Exploring Untreated Recovery
Woods used grounded theory to explore the experiences of 18 individuals who had recovered without formal treatment. Of these:
- 2 were men
- 16 were women
- Participants ranged in age from 18-21
- 8 women and 1 man had experienced purging-type BN
- 6 women and 1 man had experienced restricting-type AN
- 2 women had experienced binge-purge type AN
- Average duration of illness was nearly 2 years (range 6 months-4 years)
Participants filled out an open-ended questionnaire about their experience of having an eating disorder, whether there was a “turning point” toward recovery, whether they had experienced any kind of treatment, and what they found helpful in maintaining recovery. Of the participants, only two had experienced any kind of interaction with healthcare providers around their disorders, both of which were with a primary care physician.
Exploring the “turning point” in recovery, participants tended to report that empathy and support from a loved one had been key to their movement toward a place of wellbeing. Some also noted that the physical ramifications of their disorders got to a point where they realized the seriousness of their disorder, sparking in them the desire to move away from their symptoms. Recovery was not an easy upswing from this point, however. Among difficulties on the way to recovery, participants noted continued disordered thoughts, trouble finding an identity without their disorder, and troublesome physical discomfort (e.g. feeling “too full” after a meal).
Perhaps interestingly, given my strongly feminist orientation in my research, I found that Woods’ exploration of this study’s results hinges a bit too strongly on the sociocultural factors that lead to the development of eating disorders. The findings relating to the importance of social support and empathy in support of recovery are important and I think useful for guiding supportive alternative measures for individuals who don’t feel that their needs are being met in traditional treatment settings.
However, we know that not everyone who experiences pressure around thinness and perfection develops an eating disorder. While the kinds of measures Woods advocates in her article (e.g. supportive and empathetic interactions with loved ones) are almost self-evidently a good idea, providing this is not a guaranteed buffer against the development of an eating disorder or a guarantee that recovery attempts will be successful. When we talk about families and eating disorders, I cannot overstate the importance of avoiding blame: too often, findings such as these result in families (particularly mothers, historically) being implicated in the development of disorders. It is important to cautiously interpret and share results like these to avoid this kind of blaming.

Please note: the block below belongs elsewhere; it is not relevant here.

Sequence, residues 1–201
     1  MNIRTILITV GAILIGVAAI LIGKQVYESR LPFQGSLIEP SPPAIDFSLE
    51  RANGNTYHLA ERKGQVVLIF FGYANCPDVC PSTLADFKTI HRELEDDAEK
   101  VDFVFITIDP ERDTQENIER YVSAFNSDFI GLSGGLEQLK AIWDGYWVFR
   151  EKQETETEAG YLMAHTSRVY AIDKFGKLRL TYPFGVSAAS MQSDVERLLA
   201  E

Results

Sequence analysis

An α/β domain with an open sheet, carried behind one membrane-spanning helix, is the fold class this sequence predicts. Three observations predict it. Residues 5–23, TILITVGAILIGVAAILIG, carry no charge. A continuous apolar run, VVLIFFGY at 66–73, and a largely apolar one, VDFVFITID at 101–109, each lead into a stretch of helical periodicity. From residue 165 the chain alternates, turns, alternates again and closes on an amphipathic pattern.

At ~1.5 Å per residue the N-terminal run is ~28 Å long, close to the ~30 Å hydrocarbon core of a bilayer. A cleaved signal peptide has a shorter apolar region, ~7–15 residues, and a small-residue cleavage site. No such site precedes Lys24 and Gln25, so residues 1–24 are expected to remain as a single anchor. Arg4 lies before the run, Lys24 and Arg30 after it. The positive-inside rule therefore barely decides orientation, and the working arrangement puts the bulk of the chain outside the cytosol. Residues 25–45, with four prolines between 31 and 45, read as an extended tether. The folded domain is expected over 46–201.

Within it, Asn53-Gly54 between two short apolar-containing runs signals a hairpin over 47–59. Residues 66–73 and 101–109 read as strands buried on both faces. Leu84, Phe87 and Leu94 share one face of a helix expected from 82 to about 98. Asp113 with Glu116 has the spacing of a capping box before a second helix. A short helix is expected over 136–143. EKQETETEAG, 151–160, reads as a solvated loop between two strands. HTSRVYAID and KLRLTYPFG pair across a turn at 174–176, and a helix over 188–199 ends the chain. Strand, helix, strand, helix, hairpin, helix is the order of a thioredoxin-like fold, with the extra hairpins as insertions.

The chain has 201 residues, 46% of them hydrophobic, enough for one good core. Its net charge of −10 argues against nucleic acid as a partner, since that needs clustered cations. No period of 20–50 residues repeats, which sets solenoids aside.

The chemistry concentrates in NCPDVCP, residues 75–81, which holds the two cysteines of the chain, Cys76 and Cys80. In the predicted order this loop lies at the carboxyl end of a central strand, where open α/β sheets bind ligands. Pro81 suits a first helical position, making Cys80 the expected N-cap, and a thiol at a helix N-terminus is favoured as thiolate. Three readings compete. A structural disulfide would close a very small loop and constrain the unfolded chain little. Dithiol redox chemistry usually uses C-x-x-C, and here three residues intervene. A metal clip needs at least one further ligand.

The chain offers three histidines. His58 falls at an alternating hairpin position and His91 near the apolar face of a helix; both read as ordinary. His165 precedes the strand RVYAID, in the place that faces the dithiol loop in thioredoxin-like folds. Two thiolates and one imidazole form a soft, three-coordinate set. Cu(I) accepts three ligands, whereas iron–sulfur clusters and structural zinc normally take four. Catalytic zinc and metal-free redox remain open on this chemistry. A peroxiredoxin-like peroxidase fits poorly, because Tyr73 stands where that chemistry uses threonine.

It is also important to consider that not everyone has access to the kind of highly supportive family and friend network that would facilitate untreated recovery. Equally, untreated recovery is not a categorically good idea for all. Often, medical intervention is necessary to restore health; the complexity of the physical, emotional and affective components of eating disorders complicates the idea of recovering with no intervention at all.
As Vandereycken notes, too, “spontaneous recovery” does not mean that recovery does not involve a lot of work. Perhaps the kinds of environments Woods advocates for can help to make the process a bit more smooth, but recovery is still not something that happens at the snap of one’s fingers of even with the decision to get better.
What Does the Existence of Untreated/Spontaneous Recovery Do for Our Understanding of Recovery?
In my opinion, these studies further emphasize the variability in recovery and the pathways for getting there. Vandereycken in particular highlights the tensions around the idea of self-change: on the one hand, this offers some degree of hope that people can get better even if they do not seek or receive treatment; on the other, this knowledge can instil a sense of false hope and/or lead to the mistaken assumption that this approach works for everyone (which has implications for service delivery and insurance models).
Both studies take seriously the voices of individuals themselves in defining recovery. Though Vandereycken does define recovery in a rather medicalized way, the article itself highlights the importance of attending to people’s active roles in their recovery processes. Woods, too, notes the agency of her participants, who together with supportive loved ones attained wellbeing. Misnomer aside, the idea of “spontaneous recovery” offers up a lot of food for thought about ways in which we can work toward valuing different pathways to a place and sense of wellbeing amongst individuals facing various social contexts as they move toward “recovery.”
Woods, S. (2004). Untreated recovery from eating disorders. Adolescence, 39 (154), 361-71 PMID: 15563044
Vandereycken, W. (2012). Self-change in eating disorders: is “spontaneous recovery” possible? Eating Disorders, 20 (2), 87-98 PMID: 22364341